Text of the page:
USTR releases Annual Special 301 Report on Intellectual Property Protection

To read the full Special 301 Report, click here >>

04/30/2021 USTR

WASHINGTON – The Office of the United States Trade Representative (USTR) today released its annual Special 301 Report on the adequacy and effectiveness of U.S. trading partners’ protection and enforcement of intellectual property rights.
 
“Intellectual property rights incentivize our creators, manufacturers, and innovators to invent new products and technologies,” said Ambassador Katherine Tai. “The laws, policies and practices that protect those rights must appropriately balance the interests of creators with those seeking to use their creations. Failing to adequately and effectively protect those rights in foreign markets hurts the U.S. economy, the dynamism of American innovators and the livelihoods of our workers.”
 
This annual report details USTR’s findings of more than 100 trading partners after significant research and enhanced engagement with stakeholders. Significant elements of the 2021 Special 301 Report include:
  
•    The 2021 Special 301 review period has taken place during the COVID-19 pandemic, the largest global health crisis in more than a century.  The top priority of the United States is saving lives and ending the pandemic in the United States and around the world.  As affirmed in the Doha Declaration on the TRIPS Agreement and Public Health, the United States, while recognizing the role of intellectual property (IP) protection in the development of new medicines, respects a trading partner’s right to protect public health and, in particular, to promote access to medicines for all.
  
•    The United States has been closely monitoring China’s progress in implementing its commitments under the United States-China Economic and Trade Agreement (Phase One Agreement).  In 2020, China published several draft IP-related legal and regulatory measures and finalized over a dozen measures.  Notably, China amended the Patent Law, Copyright Law, and Criminal Law in the past year.  However, these steps toward reform require effective implementation and fall short of the full range of fundamental changes needed to improve the IP landscape in China.
  
•    Border, criminal, and online enforcement against counterfeiting remains a global concern.  This past year, countries reported significant quantities of COVID-19 testing kits, personal protective equipment (PPE) such as N-95 and equivalent masks, and sanitizers, detergents, and disinfectants from China that were determined to be counterfeit. Widespread counterfeiting in China’s e-commerce markets, the largest in the world, has also been exacerbated by the migration of infringing sales from physical to online markets, which accelerated during the COVID-19 pandemic.
  
•    Concerns with the European Union’s aggressive promotion of its exclusionary geographical indications policies persist.  The United States continues its intensive engagement in promoting and protecting access to foreign markets for U.S. exporters of products that are identified by common names or otherwise marketed under previously registered trademarks.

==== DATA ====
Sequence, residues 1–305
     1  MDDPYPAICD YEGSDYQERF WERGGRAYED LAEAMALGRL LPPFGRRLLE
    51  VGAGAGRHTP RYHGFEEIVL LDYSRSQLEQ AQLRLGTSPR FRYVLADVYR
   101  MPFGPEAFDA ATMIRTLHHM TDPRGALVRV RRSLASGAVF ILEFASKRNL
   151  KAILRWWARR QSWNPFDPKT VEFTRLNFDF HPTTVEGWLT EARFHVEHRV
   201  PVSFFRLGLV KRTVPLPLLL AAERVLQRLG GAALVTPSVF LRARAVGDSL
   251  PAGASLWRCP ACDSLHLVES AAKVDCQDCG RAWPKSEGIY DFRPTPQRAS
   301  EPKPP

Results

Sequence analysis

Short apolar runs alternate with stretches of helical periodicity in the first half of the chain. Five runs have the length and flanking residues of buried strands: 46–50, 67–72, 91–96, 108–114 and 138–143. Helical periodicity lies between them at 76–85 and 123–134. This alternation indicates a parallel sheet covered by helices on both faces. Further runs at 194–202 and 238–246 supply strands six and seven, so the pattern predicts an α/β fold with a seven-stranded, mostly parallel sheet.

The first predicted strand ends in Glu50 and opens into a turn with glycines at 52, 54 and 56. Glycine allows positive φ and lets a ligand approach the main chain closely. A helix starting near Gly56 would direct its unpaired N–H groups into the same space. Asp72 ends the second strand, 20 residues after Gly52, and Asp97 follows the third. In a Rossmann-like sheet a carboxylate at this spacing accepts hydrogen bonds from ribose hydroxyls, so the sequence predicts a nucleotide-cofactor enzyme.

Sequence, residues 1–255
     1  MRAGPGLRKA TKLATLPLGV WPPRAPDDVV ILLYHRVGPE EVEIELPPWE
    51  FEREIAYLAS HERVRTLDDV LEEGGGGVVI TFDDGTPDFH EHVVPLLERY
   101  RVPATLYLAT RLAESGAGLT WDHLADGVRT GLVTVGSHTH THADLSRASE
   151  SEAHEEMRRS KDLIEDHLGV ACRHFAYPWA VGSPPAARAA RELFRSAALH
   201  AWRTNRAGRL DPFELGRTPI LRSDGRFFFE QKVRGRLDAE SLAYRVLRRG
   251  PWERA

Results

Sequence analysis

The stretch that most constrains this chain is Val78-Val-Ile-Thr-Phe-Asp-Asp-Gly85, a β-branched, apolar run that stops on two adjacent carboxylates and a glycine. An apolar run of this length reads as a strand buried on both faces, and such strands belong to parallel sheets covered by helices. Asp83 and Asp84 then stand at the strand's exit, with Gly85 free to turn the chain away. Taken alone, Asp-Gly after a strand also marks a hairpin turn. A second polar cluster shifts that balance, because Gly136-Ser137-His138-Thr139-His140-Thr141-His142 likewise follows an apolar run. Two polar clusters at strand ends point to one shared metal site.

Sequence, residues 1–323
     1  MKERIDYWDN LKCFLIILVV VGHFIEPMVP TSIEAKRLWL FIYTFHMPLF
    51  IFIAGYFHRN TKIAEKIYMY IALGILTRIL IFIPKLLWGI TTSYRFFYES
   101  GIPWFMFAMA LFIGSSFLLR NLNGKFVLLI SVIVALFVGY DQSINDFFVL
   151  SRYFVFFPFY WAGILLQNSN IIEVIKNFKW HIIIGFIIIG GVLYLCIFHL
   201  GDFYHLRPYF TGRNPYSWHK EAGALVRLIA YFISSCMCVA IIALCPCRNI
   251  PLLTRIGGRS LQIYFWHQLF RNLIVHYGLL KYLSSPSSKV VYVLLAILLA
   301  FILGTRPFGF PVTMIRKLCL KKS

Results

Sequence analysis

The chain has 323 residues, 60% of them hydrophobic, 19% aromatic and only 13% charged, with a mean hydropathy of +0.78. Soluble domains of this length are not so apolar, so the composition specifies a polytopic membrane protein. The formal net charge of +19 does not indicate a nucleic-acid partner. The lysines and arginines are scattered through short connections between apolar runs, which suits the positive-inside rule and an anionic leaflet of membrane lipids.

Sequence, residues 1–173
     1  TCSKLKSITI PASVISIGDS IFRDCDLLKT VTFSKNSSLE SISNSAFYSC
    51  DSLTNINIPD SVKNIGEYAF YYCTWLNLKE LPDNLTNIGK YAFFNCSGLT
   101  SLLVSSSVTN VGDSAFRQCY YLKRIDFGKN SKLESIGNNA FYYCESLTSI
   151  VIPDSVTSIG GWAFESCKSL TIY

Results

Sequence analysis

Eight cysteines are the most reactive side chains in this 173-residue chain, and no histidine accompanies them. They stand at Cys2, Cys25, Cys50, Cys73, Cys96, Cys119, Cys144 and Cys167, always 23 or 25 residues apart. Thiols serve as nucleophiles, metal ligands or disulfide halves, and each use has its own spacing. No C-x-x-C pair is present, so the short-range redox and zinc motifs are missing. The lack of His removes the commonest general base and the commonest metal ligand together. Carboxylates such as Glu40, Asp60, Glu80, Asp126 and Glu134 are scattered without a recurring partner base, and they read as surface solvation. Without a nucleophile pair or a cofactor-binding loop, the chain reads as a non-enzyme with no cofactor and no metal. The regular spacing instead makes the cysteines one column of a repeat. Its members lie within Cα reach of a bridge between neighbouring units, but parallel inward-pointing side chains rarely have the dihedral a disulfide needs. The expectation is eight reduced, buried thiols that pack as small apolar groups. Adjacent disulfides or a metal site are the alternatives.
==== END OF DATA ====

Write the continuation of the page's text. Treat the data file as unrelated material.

The report also highlights progress made by our trading partners to resolve and address IPR issues of concern to the United States:
  
•    The United Arab Emirates (UAE) is removed from the Watch List this year due to the Ministry of Health and Prevention resolving concerns with IP protection of pharmaceutical products.  The UAE also made progress on longstanding IP enforcement concerns, particularly through increased efforts by Dubai Customs, publication of IP enforcement procedures by multiple enforcement authorities, publication of annual IP enforcement statistics by Federal Customs, and efforts by the Ajman Department of Economic Development to significantly reduce the availability in counterfeit goods at the Ajman China Mall, a notorious market for the past several years. 
  
•    Algeria moves from the Priority Watch List to the Watch List due to steps the government has taken to engage and cooperate with stakeholders, improve enforcement efforts, and reduce IP-related market access barriers.
  
•    Brazil’s law enforcement, with support from the Department of Justice’s (DOJ) International Computer Hacking and Intellectual Property (ICHIP) Advisor for Latin America & the Caribbean and Computer Crime & Intellectual Property Section (CCIPS), the U.S. Attorney’s Office for the Eastern District of Virginia, Homeland Security Investigations (HSI), as well as United Kingdom (UK) counterparts, launched “Operation 404.2,” which seized the domain names of multiple commercial websites engaged in the illegal reproduction and distribution of copyrighted works.
  
•    In the most significant criminal case under Taiwan’s recently amended Trade Secrets Act, a court ruled that a Taiwan semiconductor company and three former employees were guilty of stealing trade secrets from a U.S. company to enable the development of semiconductor chips by a Chinese state-owned enterprise.  The court imposed a $3.4 million fine on the Taiwan company and sentenced the former employees to 5-6 years in prison.  The case involved substantial cooperation with U.S. investigators and prosecutors.